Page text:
Helpful Answer (1)
Report

When reason diminishes patients only respond to the person who feeds them identity fades. It is difficult for loved ones to see how the patient is breaking down. Other than keeping the patient medicated until necessary is some relief for the caregiver but signals what we expect. We caregivers must continue our role no matter what the difficulties are presented. A minute extra in life without pain is a lifetime. I feel guilty when I reflect on the times I lost my patience. I know I regret every minute now that she is gone when I lost my temper this is a stain I live with. I know better now how this illness works.
Helpful Answer (0)
Report

My mom is almost 91 and sleeps alot..She is awake to eat and then naps. She is in AL and when we visit her she usually falls asleep. She rarely gets visitors. She is in her own little world. Sits in a w/c all day aside from naps. Its all part of alzheimers. She was diagnosed 5 plus years ago..So sad....
Helpful Answer (0)
Report

There is nothing "typical" about dementia persons who are unique, but the anti-depressant would be suspect to me and thyroid levels can be checked by an endocrinologist. There is some dispute about what level one should have for hypothyroidism in order to take Synthroid medication. He needs to be stimulated every day so he is not sleeping that much, so get him up and exercising physically and mentally. My husband does word problems and reads history books. Do what he still likes...
Helpful Answer (1)
Report

I know it's difficult to watch your loved one go down hill, but dementia is a robber of any quality of life! I've heard it said that dementia is like a book, every day you tear a page out till there are gone! My mom is terrible mean, an now has a short window of any niceness to me. She still has times that she can be very nice to my siblings, that visit on occasion! She thinks l'm her maid, an her family pays me well! Mom does dothing any more but set, eat, sleep! She gets very angry with me if l ask anything of her. So sad, not any quality of life here.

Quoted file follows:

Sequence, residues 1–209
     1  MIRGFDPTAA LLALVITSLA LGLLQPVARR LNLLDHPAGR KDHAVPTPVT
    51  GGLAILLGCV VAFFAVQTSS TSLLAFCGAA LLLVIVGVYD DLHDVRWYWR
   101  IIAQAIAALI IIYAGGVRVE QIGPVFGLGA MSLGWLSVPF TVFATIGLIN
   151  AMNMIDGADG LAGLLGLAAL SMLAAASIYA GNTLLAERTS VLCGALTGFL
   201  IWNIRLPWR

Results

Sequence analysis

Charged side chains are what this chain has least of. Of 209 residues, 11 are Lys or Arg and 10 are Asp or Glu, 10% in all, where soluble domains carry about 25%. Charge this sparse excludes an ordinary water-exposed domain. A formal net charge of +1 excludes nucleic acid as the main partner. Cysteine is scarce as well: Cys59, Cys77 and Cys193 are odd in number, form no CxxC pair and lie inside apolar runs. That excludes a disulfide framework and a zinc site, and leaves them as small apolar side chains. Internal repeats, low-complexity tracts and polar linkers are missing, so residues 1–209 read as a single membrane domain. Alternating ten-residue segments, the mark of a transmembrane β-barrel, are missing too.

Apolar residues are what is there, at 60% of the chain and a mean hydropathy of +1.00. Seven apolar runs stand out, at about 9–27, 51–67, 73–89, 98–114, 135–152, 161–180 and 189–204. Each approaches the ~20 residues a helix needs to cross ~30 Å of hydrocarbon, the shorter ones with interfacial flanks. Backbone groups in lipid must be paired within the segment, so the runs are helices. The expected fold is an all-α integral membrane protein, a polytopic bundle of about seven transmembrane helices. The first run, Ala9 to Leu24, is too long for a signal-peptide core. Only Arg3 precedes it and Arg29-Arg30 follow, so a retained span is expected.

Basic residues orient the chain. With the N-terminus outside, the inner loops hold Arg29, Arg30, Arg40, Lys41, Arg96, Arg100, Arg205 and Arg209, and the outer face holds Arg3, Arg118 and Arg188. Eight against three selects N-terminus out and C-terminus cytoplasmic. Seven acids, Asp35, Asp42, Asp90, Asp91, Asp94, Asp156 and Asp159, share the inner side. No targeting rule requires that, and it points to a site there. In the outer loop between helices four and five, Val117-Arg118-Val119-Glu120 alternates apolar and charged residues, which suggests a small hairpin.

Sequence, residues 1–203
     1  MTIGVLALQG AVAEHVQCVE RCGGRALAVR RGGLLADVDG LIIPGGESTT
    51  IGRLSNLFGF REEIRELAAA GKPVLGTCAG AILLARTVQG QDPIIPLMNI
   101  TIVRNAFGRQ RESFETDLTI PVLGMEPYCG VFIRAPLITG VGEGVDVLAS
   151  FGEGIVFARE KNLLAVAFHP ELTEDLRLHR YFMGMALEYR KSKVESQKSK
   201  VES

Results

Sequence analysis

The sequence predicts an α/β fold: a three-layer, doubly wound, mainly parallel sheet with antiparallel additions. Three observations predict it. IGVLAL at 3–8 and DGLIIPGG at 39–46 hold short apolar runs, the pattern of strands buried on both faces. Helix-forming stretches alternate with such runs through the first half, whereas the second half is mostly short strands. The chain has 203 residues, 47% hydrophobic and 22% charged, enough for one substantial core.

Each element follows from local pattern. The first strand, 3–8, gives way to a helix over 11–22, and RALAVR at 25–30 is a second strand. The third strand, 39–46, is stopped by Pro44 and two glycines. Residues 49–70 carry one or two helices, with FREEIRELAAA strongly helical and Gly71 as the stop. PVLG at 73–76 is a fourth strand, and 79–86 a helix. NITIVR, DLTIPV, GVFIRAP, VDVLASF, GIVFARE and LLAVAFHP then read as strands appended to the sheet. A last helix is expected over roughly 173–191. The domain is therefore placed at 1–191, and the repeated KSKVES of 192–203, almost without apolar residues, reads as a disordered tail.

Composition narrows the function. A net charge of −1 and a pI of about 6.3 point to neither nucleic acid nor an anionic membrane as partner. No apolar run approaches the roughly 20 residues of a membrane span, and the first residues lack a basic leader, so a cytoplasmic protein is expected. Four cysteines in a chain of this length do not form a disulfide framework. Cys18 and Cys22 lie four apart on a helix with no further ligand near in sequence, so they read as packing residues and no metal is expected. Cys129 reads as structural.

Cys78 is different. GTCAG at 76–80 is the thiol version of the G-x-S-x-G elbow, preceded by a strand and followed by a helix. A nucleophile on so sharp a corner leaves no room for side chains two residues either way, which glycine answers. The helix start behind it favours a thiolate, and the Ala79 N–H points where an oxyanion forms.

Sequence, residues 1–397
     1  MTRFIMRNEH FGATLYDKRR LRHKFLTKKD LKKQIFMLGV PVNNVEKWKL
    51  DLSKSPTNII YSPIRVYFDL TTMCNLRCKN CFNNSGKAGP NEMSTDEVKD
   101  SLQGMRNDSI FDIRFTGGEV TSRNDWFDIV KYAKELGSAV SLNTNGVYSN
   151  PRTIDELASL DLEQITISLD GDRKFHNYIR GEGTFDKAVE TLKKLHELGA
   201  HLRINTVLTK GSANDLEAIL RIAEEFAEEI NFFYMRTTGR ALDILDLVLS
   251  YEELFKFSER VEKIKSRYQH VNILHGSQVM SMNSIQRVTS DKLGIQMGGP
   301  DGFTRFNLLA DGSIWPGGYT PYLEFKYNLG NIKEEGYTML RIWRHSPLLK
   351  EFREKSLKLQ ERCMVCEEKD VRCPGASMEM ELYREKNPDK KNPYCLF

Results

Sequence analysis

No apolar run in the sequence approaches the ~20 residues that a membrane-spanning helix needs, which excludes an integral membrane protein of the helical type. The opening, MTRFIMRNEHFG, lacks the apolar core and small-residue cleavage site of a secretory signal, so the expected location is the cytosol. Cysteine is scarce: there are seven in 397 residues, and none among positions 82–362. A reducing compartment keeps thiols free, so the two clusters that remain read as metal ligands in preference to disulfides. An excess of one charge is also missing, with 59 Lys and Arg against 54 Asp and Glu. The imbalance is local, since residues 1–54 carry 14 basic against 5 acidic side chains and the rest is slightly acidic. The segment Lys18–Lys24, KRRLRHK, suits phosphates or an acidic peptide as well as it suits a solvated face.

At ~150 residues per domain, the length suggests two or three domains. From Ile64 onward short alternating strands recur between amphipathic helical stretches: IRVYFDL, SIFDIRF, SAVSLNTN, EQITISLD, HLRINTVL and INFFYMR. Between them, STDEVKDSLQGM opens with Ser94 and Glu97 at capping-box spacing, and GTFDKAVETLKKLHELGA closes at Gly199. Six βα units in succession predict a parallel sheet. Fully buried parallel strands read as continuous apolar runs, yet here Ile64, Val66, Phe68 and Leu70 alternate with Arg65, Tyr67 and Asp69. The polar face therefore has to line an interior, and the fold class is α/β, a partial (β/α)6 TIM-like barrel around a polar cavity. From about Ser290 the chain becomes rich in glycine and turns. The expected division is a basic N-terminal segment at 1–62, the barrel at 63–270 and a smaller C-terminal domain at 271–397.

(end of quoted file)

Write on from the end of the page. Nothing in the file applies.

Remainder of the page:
Helpful Answer (0)
Report

Polypharmacy refers to the effects of taking multiple medications concurrently to manage coexisting health problems, such as diabetes and hypertension. Too often, polypharmacy becomes problematic, such as when patients are prescribed too many medications by multiple healthcare providers working independently of each other. Also, drug interactions can occur if no single healthcare provider knows the patient's complete medication picture.
Helpful Answer (2)
Report

Sorry it has recently entered into the vocabulary. It means spacing the intake of medicine at intervals and not take them in one gulp at the same time. This avoids interactions and is worth trying.
Helpful Answer (1)
Report

Polypharmacy? What's that?
Helpful Answer (1)
Report

Try earphones with light music during the day, get him to hum, feed the patient small bites more frequently, engage in conversation, seek visitors especially old friends. The boredom of exclusion is evident the patient needs a pinch of life and be certain to practice polypharmacy.
Helpful Answer (0)
Report

Hubby is 92. I think he sleeps some days is because of 3 reasons 1) he's up 3 and 4 times a night to use the bathroom; 2) when he's bored (like at a Church service; and 3) his body is starting to shut down. Blood tests and meds are ok. Get them checked once every 3 months. He's always awake when the caregiver is here on Wed and Fri mornings. He talks a lot about his past; and, bless her heart, she listens to the same stories again and again. He really enjoys reading past war books of plans he used to work on during WW 2. Yes, he can stay home from the service; but he really does like to go because he sees his friends and goes out to breakfast with them after Church.
Helpful Answer (1)
Report

Globetrotter: You sound like me. I call myself The Google Doctor. For years I've been trying to diagnose my father (now passed) and my mother because their doctors are pretty useless, except for writing prescriptions. Know what I discovered? That Google-doctoring is a huge mental stress and gets me nowhere. My dad had a meningioma on his right frontal lobe, and IT wound up killing him this past June. He became SO weak on the entire left side of his body, that he fell & broke a hip, and then wound up falling 11x during the ensuing 10 months he remained alive. With all of these health issues, it's impossible to figure out what's causing what, and what to do about it. Palliative care wound up being THE best treatment for Dad, and physical therapy (which gave him Hope that he'd get out of the wheelchair one day, which he did not).

My mother has about 10 health issues with 'vertigo' being the newest and most confusing/troubling of all. She fell last Sunday, I took her to the ER (she lives in an ALF), and the doc said ALL her tests were 'normal' and that she's fine. Meanwhile, she wobbles & teeters around, losing her balance and 'almost' falling continuously. The treatment for vertigo is Valium, which exacerbates the wobbling & teetering BIG time. So I've decided to stop playing Google Doctor, put Mom on the medication administering program at the ALF, and put the rest in God's hands.

Wishing you the very best of luck with your Mom, my friend.
Helpful Answer (3)
Report

This question has been closed for answers. Ask a New Question.